Dialing things in - You and/or the Hardware

Discussion in 'Trumpet Discussion' started by trickg, Feb 28, 2015.

  1. gmonady

    gmonady Utimate User

    18,129
    9,306
    Jan 28, 2011
    Dayton, Ohio
    Ahhh so you finally admit it... It's not so much about the equipment, but by how we use it. Shrewd of me how I got you to come over to my side. I people here at TM think I make posts that take discussions of track. I bring it around, I bring it around... with the help of Tobylou of course. You may be my editor, but Tobylou keeps me honest.
     
  2. Ed Lee

    Ed Lee Utimate User

    8,040
    2,035
    Aug 16, 2009
    Jackson NC
    Big Dub, I know you know that you can lawfully give paints and supplies to G-man (as does not say he couldn't paint something with them, but such may be questionable if then salable), but you most likely would be arrested if you went about a hospital in the ruse and false personation as a physician, and additionally be charged with unlawful entry. The ought of you doing so was good for a laugh though (but not a loud one).
     
  3. BigDub

    BigDub Fortissimo User

    4,823
    3,021
    Dec 19, 2009
    Hillsborough, NJ
    Ah, point well taken/
     
  4. BigDub

    BigDub Fortissimo User

    4,823
    3,021
    Dec 19, 2009
    Hillsborough, NJ
    Yeah, well, I was on your side all along, boss. And excuse me but I didn't think anyone needed to keep you honest. Isn't that the way you are? Now try to get out of that one, why don't you.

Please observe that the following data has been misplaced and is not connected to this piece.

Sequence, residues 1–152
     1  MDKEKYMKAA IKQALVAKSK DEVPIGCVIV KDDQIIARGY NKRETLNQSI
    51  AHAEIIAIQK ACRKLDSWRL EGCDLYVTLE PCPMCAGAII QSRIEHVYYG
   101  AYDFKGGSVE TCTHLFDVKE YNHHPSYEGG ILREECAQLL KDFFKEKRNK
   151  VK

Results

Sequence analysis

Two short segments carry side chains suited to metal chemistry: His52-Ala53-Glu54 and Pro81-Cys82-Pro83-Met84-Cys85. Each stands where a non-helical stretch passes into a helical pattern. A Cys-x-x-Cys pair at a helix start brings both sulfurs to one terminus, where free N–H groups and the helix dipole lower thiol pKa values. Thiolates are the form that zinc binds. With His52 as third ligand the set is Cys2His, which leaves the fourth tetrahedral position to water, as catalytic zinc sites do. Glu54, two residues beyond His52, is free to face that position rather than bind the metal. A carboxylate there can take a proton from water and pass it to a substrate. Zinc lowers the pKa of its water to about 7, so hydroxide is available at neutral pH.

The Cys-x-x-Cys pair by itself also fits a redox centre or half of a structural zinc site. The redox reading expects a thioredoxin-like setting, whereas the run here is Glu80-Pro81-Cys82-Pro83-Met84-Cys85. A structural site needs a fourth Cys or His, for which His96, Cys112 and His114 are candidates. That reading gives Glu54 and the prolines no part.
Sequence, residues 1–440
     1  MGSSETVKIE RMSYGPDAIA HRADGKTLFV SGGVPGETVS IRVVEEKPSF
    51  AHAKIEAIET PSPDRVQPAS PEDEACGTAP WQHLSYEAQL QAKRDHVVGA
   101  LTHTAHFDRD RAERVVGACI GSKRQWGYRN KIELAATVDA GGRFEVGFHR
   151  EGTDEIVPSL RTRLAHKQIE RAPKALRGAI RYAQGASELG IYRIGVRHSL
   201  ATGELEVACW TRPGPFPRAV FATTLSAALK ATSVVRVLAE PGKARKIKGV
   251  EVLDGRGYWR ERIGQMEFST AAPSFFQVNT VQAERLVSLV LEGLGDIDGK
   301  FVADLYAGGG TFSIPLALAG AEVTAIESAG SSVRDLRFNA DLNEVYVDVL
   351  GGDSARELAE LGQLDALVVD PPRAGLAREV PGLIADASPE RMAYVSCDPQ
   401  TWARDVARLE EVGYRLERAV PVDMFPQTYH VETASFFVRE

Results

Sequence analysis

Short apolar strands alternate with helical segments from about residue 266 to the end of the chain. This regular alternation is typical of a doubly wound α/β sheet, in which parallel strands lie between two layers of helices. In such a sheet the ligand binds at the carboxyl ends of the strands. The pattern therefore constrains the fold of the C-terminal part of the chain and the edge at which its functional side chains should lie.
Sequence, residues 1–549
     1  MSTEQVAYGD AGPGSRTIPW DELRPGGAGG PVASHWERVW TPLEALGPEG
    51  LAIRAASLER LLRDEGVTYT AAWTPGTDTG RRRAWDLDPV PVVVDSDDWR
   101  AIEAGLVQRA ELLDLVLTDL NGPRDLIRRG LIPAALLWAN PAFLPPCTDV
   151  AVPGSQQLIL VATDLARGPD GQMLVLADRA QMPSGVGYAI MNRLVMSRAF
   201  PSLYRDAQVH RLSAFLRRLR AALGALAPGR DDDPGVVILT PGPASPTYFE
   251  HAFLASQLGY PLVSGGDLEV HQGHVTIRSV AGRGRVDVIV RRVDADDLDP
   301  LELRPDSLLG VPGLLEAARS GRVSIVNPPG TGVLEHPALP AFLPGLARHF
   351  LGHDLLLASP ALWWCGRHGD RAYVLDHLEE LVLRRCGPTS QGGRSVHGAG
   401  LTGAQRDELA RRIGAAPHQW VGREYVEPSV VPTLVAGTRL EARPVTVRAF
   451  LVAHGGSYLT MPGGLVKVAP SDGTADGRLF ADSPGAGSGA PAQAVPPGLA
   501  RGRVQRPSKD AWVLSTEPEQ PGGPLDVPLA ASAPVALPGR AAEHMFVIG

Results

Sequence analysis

5. rowuk

    rowuk Moderator Staff Member

    Age:
    61
    16,616
    7,965
    Jun 18, 2006
    Germany
    The thread subject is dialing things in and it sure needs to stay in perspective. For players that can't play 10 notes one after another and have them all sound the same, what good is a hardware tweak other than to be pimping cool.

    Dialing hardware in only serves to integrate sound, feel and hearing. It isn't a subject for better range, endurance or a replacement for less practice time. When our chops and body use are dialed in, small things can heighten the playing experience. Even if we practice enough to realize the difference, a change is not necessarily "better". I normally play my Monette Prana3, I wanted to see how close I could get intonation, response and security with my Bach 229H CL. I still have the Bach sound and core, but the horn now plays like a Monette. I just pick it up and play - nothing that I want to change - it just works! The difference is color.
     
  6. trickg

    trickg Utimate User

    6,794
    3,560
    Oct 26, 2003
    Baltimore/DC
    Hear hear!

    It's frustrating sometimes to see musicians - and it's not limited to trumpet players by a long shot - who try to buy their way into better playing, but it's a very common theme among hobbyist players.

    I had an experience that I thought was interesting because it illustrated that the best gear only gets you so far, and this story isn't even a trumpet story - it's a drumming story.

    One night, just as praise band practice was kicking off and I'd just sat down behind the drums, I saw a young guy I didn't know standing in the rehearsal area, and he was holding a drum stick bag. At the time I was still not too confident in my abilities as a drummer, and I got really nervous - it was clear this guy was a drummer, so I knew he'd be paying attention to everything I was playing. I was using the church's budget level kit for the main drums, but I had my snare and cymbals - they help a drummer to feel at home behind another kit, and I have always used decent gear for that.

    In any case, I really focused on what I was doing, and ended up having a real solid rehearsal performance.